First Muslim Chief Minister of East Speaks Out: An Interview with Najeeb A Majeed

by Kamani Hettiarachchi

Despite several political upheavals the government last week managed to appoint the new chief minister to the Eastern Province, Abdul Majeed Mohammed who polled 11726 preference votes contesting under the UPFA banner in the Trincomalee district.

He also created history in the annals of the PC polls in Sri Lanka by becoming the first Muslim chief minister since Provincial Councils came into being way back in 1987.

Excerpts of the interview with the new Eastern Province chief minister:

How do you view the new chief minister’s post that you have been appointed to?

I wish to emphasize at the outset that I am not a rookie politician. I have been a MP for no less than 13 years. Hence this particular post is nothing new. Some time ago I also worked as the Development minister for the Trincomalee district, working for the welfare of the Sinhalese, Tamil and Muslim communities in the East without any discrimination, and treated everyone equally.

I have given Rs 30 million for the renovation of kovil’s in the province, and the road network and libraries were also upgraded.
Therefore I consider the chief minister’s post as another opportunity given to me by the president to serve all the communities in the East to the best of my ability.

Could you briefly explain how you entered politics?

My father, the late Abdul Majeed was a politician who was in the past held in esteem in the East. He was a prominent politician of the SLFP as well.

Back in 1960, he first emerged as the SLFP MP for Muttur. In 1970, he was the deputy minister of Information and Broadcasting. Then in 1987, at the height of the North-East conflict, my father was assassinated by the LTTE.

Afterwards, Mrs. Sirima Bandaranaika appointed me as SLFP’s Muttur organizer. I entered parliament after the 1994 general election and did likewise at the 2000 parliamentary polls as well.

After the 2000 polls, I was appointed as the deputy minister of Posts and Telecommunication. I lost the 2002 polls, and won once again at the general election in 2004.

It was at that time that President Rajapaksa appointed me as the Trincomalee District Development minister. In 2006, I was also given the portfolio of Minister of Cooperatives and Development.

I lost my seat at the 2010 parliamentary polls. I was given nomination by the UPFA to contest the recently concluded PC polls in the East.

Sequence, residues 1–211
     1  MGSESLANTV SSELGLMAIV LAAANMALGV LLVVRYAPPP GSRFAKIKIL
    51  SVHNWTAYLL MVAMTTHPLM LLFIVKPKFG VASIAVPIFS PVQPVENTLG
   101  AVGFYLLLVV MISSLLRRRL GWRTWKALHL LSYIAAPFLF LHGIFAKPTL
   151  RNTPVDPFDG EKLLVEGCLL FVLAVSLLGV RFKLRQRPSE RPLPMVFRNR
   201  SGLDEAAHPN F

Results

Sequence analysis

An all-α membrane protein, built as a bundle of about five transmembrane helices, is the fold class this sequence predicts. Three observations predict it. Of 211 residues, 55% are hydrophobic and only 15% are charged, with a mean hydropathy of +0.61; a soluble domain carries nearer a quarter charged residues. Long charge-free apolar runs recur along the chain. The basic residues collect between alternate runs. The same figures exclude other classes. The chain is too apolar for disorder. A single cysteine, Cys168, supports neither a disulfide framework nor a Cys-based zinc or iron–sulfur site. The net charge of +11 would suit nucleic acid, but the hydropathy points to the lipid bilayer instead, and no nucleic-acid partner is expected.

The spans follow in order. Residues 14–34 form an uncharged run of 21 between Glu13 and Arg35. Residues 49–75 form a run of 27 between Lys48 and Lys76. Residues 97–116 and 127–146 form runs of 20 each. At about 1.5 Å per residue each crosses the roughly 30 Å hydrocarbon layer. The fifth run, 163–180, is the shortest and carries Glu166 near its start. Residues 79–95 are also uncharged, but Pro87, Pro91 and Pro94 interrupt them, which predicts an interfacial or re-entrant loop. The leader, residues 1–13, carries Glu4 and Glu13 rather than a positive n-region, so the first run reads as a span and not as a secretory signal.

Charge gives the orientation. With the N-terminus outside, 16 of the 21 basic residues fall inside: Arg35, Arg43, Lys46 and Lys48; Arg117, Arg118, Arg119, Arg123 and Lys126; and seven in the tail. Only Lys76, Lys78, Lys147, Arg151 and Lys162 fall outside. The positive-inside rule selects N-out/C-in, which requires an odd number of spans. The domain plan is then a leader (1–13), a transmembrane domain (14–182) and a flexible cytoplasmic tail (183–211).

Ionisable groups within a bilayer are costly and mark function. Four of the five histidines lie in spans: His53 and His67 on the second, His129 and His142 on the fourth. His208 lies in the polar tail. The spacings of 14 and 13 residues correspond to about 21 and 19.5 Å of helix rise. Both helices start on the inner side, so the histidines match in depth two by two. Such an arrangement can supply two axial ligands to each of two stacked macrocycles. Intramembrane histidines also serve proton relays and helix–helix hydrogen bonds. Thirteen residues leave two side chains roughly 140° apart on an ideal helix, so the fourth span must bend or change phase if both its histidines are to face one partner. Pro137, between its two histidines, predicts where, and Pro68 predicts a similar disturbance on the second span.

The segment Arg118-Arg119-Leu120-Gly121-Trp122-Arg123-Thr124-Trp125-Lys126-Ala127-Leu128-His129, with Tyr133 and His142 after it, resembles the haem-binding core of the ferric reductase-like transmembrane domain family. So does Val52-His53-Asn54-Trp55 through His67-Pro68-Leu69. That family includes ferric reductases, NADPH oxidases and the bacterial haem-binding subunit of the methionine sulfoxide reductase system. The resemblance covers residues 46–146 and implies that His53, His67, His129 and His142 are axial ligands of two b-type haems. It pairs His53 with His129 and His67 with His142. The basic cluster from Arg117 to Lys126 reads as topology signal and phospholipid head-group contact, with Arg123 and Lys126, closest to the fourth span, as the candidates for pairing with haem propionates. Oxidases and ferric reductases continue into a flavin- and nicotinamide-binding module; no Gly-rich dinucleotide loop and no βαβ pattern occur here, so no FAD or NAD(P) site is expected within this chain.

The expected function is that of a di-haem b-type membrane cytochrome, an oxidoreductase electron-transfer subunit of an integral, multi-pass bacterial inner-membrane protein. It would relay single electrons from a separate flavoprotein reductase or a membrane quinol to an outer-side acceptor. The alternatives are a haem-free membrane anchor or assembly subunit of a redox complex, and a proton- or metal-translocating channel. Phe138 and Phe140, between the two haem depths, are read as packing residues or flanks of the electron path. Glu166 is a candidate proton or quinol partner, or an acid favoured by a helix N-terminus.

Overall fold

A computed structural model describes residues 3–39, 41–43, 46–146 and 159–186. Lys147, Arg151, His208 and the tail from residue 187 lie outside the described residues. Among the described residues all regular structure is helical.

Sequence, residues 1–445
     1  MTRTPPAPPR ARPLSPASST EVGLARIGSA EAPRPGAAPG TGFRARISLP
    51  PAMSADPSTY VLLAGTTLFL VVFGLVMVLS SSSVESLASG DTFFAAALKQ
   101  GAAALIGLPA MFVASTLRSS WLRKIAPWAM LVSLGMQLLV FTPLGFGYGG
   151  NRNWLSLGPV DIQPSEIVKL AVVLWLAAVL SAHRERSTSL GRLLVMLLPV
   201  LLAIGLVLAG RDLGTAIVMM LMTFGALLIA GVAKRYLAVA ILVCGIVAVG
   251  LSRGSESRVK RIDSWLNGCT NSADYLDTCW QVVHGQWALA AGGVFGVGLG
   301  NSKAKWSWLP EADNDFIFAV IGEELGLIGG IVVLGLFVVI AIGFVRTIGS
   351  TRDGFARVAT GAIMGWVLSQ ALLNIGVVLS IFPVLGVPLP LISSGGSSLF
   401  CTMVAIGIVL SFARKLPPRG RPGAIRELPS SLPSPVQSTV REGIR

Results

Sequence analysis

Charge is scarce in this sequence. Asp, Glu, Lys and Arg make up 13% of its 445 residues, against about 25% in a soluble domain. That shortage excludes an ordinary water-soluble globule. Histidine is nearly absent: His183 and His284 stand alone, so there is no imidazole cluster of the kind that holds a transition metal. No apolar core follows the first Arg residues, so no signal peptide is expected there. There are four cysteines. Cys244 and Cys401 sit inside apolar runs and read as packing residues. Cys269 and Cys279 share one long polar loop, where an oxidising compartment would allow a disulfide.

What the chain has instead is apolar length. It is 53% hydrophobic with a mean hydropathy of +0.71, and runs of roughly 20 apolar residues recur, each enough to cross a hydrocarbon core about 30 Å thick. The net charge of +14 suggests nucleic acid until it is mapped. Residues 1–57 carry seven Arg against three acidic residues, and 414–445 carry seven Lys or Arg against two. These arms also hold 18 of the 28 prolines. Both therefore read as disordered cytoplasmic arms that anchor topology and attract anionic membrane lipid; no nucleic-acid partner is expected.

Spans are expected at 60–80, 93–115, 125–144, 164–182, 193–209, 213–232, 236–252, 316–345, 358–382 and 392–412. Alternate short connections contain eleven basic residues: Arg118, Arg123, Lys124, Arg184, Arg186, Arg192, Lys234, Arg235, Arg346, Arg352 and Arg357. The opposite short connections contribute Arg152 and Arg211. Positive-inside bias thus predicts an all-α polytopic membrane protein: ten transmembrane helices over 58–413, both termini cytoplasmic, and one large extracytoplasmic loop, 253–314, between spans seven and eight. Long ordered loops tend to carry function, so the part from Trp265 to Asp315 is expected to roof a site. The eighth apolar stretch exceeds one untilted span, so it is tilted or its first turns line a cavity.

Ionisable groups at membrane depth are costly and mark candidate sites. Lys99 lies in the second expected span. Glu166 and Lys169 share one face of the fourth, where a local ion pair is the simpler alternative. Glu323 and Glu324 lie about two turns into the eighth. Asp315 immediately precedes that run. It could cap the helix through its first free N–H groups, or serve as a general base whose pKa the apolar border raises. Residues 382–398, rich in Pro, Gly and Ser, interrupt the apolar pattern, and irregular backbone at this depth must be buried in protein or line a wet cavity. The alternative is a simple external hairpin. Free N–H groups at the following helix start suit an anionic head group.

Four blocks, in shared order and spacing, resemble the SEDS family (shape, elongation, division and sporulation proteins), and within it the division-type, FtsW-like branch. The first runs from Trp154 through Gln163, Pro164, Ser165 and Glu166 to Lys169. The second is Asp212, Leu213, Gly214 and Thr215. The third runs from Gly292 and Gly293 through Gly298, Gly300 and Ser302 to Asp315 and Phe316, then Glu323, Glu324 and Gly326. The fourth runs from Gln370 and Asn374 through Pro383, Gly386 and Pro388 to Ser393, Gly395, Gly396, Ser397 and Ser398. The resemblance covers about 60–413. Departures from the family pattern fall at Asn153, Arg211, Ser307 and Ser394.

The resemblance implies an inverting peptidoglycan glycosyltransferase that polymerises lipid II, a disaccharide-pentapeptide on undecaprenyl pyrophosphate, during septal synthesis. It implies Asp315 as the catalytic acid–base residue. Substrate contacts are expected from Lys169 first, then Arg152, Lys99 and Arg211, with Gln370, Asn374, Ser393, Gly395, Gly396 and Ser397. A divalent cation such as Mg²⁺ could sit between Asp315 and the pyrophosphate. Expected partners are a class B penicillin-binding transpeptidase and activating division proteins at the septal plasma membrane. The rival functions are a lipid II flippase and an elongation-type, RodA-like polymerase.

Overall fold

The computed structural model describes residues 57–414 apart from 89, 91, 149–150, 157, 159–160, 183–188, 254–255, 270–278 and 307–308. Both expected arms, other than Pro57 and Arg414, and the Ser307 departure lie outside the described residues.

Three major communities live in the East. As the new chief minister would you be able to serve all of them without any discrimination?

I don’t think that will be an insurmountable problem. I know the issues the people of this province face and they know who Abdul Majeed is. Otherwise they would not have voted for me. I have understood the sectors that need rapid development in the East such as health, education, infrastructure, agriculture, etc.

It must be said that the people of all communities live like brothers and sisters here and it was never more evident than the time when the tsunami struck the area in 2004.

Even during the height of the North-East conflict this solidarity was evident. The president has already told me that he will back me to the hilt, and I should work for all the communities without any discrimination. And I also fervently hope that the main opposition UNP too will extend their support to me in my efforts to develop this province.

Are you confident that the youth of the East will never resort to arms and give life back to the now defunct LTTE?

I am positive that nothing of the sort will ever happen again, at least not during my lifetime. If we can solve the pressing issues of the people in the East there won’t be any room left for another armed struggle to take off.

Most politicians who have came to power since independence looked at the national issue from a parochial angle. It is only President Rajapaksa who identified the concerns of the people in the East. Given these reasons I don’t think there will be any scope for the emergence of another armed rebellion.

Some Muslim political parties are divided in the East. They have even gone to the extent of assaulting each other. In this backdrop will you be able to bring about any form of national reconciliation in the East?

Though there are a number of political parties, it is the people of the East who believe in the president. Therefore I have no doubt that the people of the East will flock behind the president and the SLFP.

When I was sworn in as the new chief minister of the East, all my political friends and rivals were invited for the ceremony. Nobody would be able to deceive the people of this province – be they Sinhalese, Tamils or Muslims, and they know that I have the president’s blessings to carry out my responsibilities.

The government has promised to hand over the chief minister’s post in the East to the SLMC after two and a half years. As such isn’t your appointment temporary?

I too have come to know of such an agreement and if it is made by the president then I have no issues.

What are your plans to develop this province?

There are ample natural resources available here and by using these resources I intend to develop this province during my tenure as the chief minister.

I also intend to further develop the tourism sector by making use of the beaches in the Eastern Province. courtesy: LakbimaNews